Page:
Falling sperm count a global phenomenon: Study

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Sperm counts are declining globally.

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An Israeli-led study has found sperm counts have plummeted by 62% in under 50 years, and the findings have implications for the future of the human race.

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Prof. Hagai Levine of the Hebrew University of Jerusalem led the study with Prof. Shanna Swan at New York’s Icahn School of Medicine.

The Times of Israel reports that the results are particularly worrying as a low sperm count is considered an indication of male health in general and may point to increased risk for testicular cancer and chronic disease.

Professor Levine’s last study was done in 2017. The new study adds several years of statistics and is much broader, covering 53 countries.

Sperm concentration per millilitre of semen is currently at about 50 million — which is down by by 52%. The figure considered to indicate a low sperm concentration is 15 million per millilitre, so levels are still above that number.

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But Professor Levine noted that an average of 50 million means there are many men who have under 40 million, “fertility that is actually suboptimal.”

The study was published in the Human Reproduction Update.

As rates of decline are actually accelerating, according to The Guardian, a reproductive crisis is possible.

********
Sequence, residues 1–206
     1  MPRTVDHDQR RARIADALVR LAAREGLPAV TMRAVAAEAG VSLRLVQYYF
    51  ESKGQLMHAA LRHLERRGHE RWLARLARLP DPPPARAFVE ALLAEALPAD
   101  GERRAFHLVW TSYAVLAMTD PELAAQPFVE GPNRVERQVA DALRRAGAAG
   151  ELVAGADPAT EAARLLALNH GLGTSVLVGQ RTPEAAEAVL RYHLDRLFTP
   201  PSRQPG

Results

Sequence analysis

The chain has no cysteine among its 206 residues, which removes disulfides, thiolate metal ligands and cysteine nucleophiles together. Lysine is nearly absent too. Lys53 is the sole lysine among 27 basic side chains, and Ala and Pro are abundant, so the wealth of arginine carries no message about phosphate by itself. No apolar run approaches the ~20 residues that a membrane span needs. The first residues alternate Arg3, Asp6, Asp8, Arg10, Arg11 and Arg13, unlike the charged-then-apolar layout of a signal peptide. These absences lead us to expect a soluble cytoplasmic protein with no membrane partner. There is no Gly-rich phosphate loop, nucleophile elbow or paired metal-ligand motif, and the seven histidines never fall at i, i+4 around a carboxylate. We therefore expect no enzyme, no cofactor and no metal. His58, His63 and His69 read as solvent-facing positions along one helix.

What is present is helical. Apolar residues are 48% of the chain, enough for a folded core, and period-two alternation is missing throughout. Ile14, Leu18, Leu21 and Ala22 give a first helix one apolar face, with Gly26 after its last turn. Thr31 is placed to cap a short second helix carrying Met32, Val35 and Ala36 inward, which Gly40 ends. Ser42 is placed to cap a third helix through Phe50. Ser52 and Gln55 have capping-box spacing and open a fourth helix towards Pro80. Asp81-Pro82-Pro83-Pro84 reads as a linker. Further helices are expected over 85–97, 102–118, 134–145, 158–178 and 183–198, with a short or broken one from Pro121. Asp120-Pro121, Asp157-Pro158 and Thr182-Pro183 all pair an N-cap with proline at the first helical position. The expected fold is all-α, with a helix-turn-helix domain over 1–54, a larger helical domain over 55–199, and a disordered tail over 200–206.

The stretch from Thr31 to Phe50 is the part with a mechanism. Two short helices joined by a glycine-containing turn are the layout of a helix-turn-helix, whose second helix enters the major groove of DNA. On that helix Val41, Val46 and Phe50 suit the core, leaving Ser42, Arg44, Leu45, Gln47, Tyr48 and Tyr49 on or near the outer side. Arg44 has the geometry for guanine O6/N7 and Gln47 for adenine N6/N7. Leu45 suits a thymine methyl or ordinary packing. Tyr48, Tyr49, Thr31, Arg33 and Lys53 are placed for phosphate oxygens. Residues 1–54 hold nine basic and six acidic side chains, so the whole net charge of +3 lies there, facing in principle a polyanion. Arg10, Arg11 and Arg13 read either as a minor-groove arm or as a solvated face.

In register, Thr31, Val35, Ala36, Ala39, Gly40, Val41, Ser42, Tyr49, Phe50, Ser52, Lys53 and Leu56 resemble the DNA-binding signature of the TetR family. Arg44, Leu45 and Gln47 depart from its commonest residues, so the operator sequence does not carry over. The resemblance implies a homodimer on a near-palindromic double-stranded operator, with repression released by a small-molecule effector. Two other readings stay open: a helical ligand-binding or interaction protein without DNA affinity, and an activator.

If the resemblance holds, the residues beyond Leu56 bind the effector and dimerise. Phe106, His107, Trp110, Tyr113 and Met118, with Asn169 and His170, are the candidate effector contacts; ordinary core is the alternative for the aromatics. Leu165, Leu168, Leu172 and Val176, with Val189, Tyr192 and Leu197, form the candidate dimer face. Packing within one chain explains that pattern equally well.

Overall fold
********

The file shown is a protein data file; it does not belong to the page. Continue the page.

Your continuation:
Professor Richard Sharpe, an expert in male reproductive health at the University of Edinburgh, noted this is a worldwide issue and said the key takeaway in the research is that this could be,desperately bad news for couple fertility.”

Environmental factors are suspected to be the culprit here. Lifestyle factors that contribute to poor health, such as poor diet, obesity, smoking and drinking, may also play a role. 

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Among the chemicals believed to affect sperm quality are bisphenols and dioxins, which are thought to interfere with hormones. Paracetamol and phthalates also pose a risk.

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Other male disorders, such as penis malformation and undescended testes are also on the increase, and hormone-disrupting chemicals are suspected. The damage happens in utero, as the baby develops.

Paracetamol is also known as acetaminophen — Tylenol. Scientists have warned pregnant women against using acetaminophen in the past and paracetamol has been shown to cause a decline in sperm quality in laboratory animals.

Processed food and fatty foods can be sources of dioxins, phthalates and bisphenols.

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